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Still trying to get puppet to "do what I want" (I still don't know how to talk to it properly)...

I have the following problem: an Apache server hosts the static content for several clients, and this static content is versioned:

node the.node.name {
    client { 'c1':
        version => 'v1',
        # otherstuff
    }
    client { 'c2':
        version => 'v2',
    }
}

There are 30+ clients defined this way. And in total, there are between 2 and 4 versions of the content installed at any time.

Now, with time, the versions evolve -- quite rapidly. Right now I can only achieve to install new content, but never remove obsolete content.

How would you go about having reference counting for installed versions, and uninstall obsolete versions?

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What sort of resources are c1 and c2? Are they rpm/deb packages, tar files, directories you're rsyncing, etc? This will affect the solutions available. –  kashani Jan 20 '12 at 19:05
    
c1 and c2 are just "names". v1 and v2 are, at the moment, RPM versions. But I am not constrained to RPM in any way: I control what format the resource is, it can be anything else, as long as I can make puppet manage it –  fge Jan 20 '12 at 19:40

2 Answers 2

Store your static content in a git repository. Create a branch for each version of content that you want. Use puppet to create a repository if there isn't one, to ensure the correct branch is checked out, and to automatically update the repository. Git will take care of adding and removing files from there. Repoint your branches to whatever revision is appropriate at any given time.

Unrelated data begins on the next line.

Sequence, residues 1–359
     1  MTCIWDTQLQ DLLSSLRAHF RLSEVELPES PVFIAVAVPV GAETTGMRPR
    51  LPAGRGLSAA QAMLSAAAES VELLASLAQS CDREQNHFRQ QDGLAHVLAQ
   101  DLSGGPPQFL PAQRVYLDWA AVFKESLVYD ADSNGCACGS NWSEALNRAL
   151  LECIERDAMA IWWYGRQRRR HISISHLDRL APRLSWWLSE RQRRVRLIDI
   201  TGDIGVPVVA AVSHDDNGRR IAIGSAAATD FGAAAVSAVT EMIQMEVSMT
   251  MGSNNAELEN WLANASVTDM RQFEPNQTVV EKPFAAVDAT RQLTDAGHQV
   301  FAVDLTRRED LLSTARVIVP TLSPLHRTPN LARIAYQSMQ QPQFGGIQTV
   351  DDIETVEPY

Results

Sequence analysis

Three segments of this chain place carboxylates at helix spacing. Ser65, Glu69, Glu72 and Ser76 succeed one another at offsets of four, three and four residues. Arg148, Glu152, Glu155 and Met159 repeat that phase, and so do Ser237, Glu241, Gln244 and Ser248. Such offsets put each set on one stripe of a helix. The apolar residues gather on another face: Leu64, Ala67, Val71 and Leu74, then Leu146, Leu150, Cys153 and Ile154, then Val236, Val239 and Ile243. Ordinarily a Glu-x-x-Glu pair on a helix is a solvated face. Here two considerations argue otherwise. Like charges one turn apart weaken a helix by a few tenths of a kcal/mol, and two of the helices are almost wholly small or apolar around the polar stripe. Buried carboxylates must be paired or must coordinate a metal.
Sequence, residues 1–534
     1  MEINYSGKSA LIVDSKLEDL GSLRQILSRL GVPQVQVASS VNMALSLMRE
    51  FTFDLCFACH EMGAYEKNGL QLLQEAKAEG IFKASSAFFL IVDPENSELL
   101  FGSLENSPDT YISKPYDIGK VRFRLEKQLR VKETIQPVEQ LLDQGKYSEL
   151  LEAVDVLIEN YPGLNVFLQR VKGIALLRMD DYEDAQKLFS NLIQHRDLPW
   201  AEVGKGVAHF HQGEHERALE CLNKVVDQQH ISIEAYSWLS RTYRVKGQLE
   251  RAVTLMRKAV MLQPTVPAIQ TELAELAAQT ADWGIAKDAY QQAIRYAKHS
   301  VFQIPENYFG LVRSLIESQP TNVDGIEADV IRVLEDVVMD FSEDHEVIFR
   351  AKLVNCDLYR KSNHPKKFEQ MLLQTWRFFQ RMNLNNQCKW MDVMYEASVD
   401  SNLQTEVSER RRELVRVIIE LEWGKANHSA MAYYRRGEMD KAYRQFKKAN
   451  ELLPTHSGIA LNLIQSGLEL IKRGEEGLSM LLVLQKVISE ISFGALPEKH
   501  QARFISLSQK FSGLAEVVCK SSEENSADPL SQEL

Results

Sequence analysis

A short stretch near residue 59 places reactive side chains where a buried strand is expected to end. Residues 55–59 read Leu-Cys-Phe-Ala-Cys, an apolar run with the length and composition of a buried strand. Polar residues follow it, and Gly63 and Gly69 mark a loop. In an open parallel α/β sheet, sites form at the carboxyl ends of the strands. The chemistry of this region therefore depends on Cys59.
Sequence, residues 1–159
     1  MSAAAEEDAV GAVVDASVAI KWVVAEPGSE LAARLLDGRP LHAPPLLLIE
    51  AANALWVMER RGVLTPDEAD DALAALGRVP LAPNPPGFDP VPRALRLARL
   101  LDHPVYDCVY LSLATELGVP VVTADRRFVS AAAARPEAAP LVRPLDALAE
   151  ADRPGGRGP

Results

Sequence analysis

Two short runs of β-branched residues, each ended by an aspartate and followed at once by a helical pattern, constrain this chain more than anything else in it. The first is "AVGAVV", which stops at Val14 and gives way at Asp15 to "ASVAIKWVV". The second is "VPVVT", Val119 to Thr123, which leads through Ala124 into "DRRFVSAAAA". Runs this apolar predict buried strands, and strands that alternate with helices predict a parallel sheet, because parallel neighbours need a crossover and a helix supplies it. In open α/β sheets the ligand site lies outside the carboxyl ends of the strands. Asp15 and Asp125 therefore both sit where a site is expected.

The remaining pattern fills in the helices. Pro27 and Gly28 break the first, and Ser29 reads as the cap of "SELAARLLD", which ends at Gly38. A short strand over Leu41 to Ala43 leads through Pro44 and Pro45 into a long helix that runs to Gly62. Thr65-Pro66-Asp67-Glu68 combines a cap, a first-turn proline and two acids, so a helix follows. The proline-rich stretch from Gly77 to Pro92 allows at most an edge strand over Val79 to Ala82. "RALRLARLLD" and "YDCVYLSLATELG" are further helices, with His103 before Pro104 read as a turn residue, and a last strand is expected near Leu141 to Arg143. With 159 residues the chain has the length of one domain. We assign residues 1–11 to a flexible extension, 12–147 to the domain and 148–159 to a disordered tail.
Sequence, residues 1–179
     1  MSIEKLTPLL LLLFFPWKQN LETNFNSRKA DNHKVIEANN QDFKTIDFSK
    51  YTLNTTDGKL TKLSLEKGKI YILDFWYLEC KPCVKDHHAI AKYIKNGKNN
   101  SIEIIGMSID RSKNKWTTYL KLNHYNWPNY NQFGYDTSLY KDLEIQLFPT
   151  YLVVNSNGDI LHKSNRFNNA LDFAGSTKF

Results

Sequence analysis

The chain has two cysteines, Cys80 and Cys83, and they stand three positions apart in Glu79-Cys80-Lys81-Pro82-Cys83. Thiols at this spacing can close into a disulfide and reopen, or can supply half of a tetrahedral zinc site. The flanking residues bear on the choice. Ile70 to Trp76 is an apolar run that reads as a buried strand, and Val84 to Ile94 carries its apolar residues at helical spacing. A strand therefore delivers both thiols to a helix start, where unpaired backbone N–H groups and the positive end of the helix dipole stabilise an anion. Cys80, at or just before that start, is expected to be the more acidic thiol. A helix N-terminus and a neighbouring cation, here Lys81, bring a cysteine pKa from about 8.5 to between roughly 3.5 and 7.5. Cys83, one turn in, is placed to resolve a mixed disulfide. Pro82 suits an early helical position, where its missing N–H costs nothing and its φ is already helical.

Alternately, you might find that rsync with the proper flags (delete files not present on the master) might also work.

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Simplest solution could be though there is management overhead in adding and removing packages.

  package { 'c1_v8': ensure => present, }
  package { 'c2_v7': ensure => present, }

  package { 'c1_v1': ensure => absent, }
  package { 'c2_v2': ensure => absent, }

You could get fancier by using an external data source like hiera w/ puppet-hiera to manage which packages should be on which servers.

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Well, here, the external sources are two, at a minimum: the RPM database (whether managed by yum or rpm) holds version information, and the "puppet database" knows which versions I want at a given moment. Trouble is, none of them is stateful. And here I need to know the state at step n-1 before the decision is made. –  fge Jan 20 '12 at 21:25

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